I initially thought of writing a "closure" piece of sorts for Jason Castro, the one AI contestant I rooted for the whole season. But it wouldn't be fair. Not when he's just starting to rocket into the stratosphere of the music industry. So I'll just call this a "thank you" piece to Jason - singer, songwriter, guitar player, fellow music fan. Maybe, after more than two weeks since the AI Finale, I will "bump" up Jason and remind everybody of his accomplishments, and what a fantastic person he is. Here's my own version of the "Castro Bump".
It has been two weeks since David Cook was crowned American Idol of Season 7, but I find it hard to let go of some fantastic performances during the many weeks the show was on air. And even harder to let go of a certain phenomenal performer who captured my attention and held it for far longer than any AI contestant ever had. Jason Castro, with his trademark hairstyle and vocals, was the show's singular breakthrough performer. Forget about David Cook's "originality", or David Archuleta's "talent beyond his 17 years". Forget the fact that Carly Smithson and Michael Johns were the frontrunners leading up to the semifinal weeks due to relentless camera time. To me, Jason Castro was the true discovery of Season Seven after all was said and done.
Jason, whom I have NEVER heard about prior to the first semifinals week, became my instant favorite the moment I heard him sing "Daydream". Sure, he had a smidgen of airtime during the "Chair" round (where Ryan called his reaction to moving on to the semis as "understated", and his dork dance reminded everyone of Bob Marley on high) and there was that one fleeting shot of him rehearsing with his guitar backstage during Hollywood Week. But here was a guy who never had any screen time whatsoever, and yet he succeeded in drawing people to him. His voice was raw yet beautiful, his camera presence solid. For a guy without a lot of stage experience, he certainly knew how to work the camera. He was the first contestant to accompany himself on a musical instrument, which allowed him to stand out even more. And needless to say, his appearance was definitely an eye-catcher – dreads, jeans, rolled up sleeves, and eyelashes all. "Daydream" seemed like the perfect song choice for him. In a musical generation that bordered on the raw and the punk, he managed to find a song that could capture his essence in 90 seconds – that of unabashed optimism and sentimental quirk.
And his stock peaked when he sang "Hallelujah" the week before he was voted into the Top Twelve. To me, anyone who sings Jeff Buckley automatically gets my heart. And his version, in my opinion, was the one on which ALL the other versions that followed are based. I don't think anybody can top the original, or even try to. Jason went after Buckley's version but made it his own and was simply WONDERFUL. It was the first performance of his where he wore his heart on his sleeve, and it showed. Botched ending be damned – the power in the performance was all in the emotion that he displayed. Jeff Buckley, the man who always sang like his heart was on fire, would have been proud of Jason that night.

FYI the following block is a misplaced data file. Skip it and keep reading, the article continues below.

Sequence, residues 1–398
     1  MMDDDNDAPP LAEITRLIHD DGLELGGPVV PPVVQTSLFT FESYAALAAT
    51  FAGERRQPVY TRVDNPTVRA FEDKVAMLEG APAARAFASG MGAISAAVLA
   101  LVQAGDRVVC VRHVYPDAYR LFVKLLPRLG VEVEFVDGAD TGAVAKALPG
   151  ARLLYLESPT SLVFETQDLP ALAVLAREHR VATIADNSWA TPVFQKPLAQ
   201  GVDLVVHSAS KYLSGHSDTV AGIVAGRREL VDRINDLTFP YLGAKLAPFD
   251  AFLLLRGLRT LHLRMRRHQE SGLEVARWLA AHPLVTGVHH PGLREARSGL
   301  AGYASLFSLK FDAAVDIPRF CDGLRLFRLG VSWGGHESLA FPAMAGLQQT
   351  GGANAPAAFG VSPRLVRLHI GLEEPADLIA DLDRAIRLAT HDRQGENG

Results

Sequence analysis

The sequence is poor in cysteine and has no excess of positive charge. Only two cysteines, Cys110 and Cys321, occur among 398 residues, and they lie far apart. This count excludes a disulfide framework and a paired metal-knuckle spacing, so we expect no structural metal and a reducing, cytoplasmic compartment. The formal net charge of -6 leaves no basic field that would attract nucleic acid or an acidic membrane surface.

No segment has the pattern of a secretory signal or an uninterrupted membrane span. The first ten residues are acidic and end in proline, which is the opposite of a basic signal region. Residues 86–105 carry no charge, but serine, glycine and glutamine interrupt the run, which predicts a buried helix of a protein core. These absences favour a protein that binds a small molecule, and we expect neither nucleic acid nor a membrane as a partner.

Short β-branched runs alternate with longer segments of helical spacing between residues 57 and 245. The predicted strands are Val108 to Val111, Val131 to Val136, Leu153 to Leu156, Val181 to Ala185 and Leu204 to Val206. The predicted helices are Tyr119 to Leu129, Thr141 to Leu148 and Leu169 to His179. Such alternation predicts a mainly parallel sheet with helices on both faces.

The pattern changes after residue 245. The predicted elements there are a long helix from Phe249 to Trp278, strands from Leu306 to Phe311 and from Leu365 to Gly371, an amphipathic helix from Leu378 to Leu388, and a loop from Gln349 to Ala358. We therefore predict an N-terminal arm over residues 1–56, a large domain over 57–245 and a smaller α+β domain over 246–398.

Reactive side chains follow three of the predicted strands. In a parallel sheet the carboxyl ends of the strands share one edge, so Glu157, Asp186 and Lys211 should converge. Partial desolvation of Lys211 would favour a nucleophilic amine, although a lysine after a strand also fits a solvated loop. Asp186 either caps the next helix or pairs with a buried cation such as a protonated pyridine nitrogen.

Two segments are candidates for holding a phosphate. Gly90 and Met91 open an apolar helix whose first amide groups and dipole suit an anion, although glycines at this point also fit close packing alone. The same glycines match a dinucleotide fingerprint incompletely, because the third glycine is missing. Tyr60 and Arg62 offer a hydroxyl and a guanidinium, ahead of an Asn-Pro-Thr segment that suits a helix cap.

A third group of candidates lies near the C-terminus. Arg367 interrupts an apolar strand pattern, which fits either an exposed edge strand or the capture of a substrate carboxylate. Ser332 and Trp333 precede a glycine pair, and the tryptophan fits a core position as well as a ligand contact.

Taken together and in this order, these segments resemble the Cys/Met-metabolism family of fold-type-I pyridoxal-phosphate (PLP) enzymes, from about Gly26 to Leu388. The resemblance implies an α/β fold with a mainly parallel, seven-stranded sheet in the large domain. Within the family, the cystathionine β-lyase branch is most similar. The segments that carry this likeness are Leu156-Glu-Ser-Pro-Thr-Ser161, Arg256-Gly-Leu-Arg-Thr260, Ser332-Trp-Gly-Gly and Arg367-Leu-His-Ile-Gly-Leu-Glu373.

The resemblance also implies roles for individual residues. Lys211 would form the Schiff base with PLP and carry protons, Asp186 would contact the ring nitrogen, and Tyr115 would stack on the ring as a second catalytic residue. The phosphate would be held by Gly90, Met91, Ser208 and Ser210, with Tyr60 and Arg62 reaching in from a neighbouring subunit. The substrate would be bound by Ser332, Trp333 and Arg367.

That performance was also the first in a series of "Castro Bumps", where he would help bump up sales of the original on the iTunes charts. Jason Castro proved that he was radio-ready AND relevant. And his raw emotion that night also proved that there was more to the quirky essence that "Daydream" provided. He could carry stronger themes, and he had the maturity to understand them (something David Archuleta and Syesha Mercado sorely lacked).
Over the following weeks, I found myself rooting for him and following his performances closely. And time and time again, he was consistent. Too consistent to some, in fact, that some thought he was merely coasting. But the fact could also be said of many other Idol contestants in the past. Bo Bice and his rock song choices, Ruben Studdard and his R&B vocals, and Blake Lewis and his constant need to be hip, to name a few. And even some season seven contestants were guilty of not moving beyond the box as well – David Archuleta and his ballads, David Cook and his emo covers, and Carly and her constant need to shout something to the high heavens. The thing with Jason is that his consistency stands out in its restraint. He did not have the loud rock grit that Cook possessed, or the vocal runs of Archuleta, or the white soul sound of Michael Johns. He was not a belter like Syesha or Carly or Ramiele. But he had his own special niche that demanded a different kind of musical skill, a different sort of gravitas. And what was most impressive about it is that, in spite of his musical restraint? He could still draw listeners to him. Say what you will about his inadequacies, but Jason needs no more than what he already has to command a crowd. Did you see how, while singing "Somewhere Over the Rainbow", he enraptured the Swaybots so much that they forgot to throw their hands in the air? Jason is commanding in his quiet presence, and he doesn't need to belt or flail about onstage in order to captivate an audience.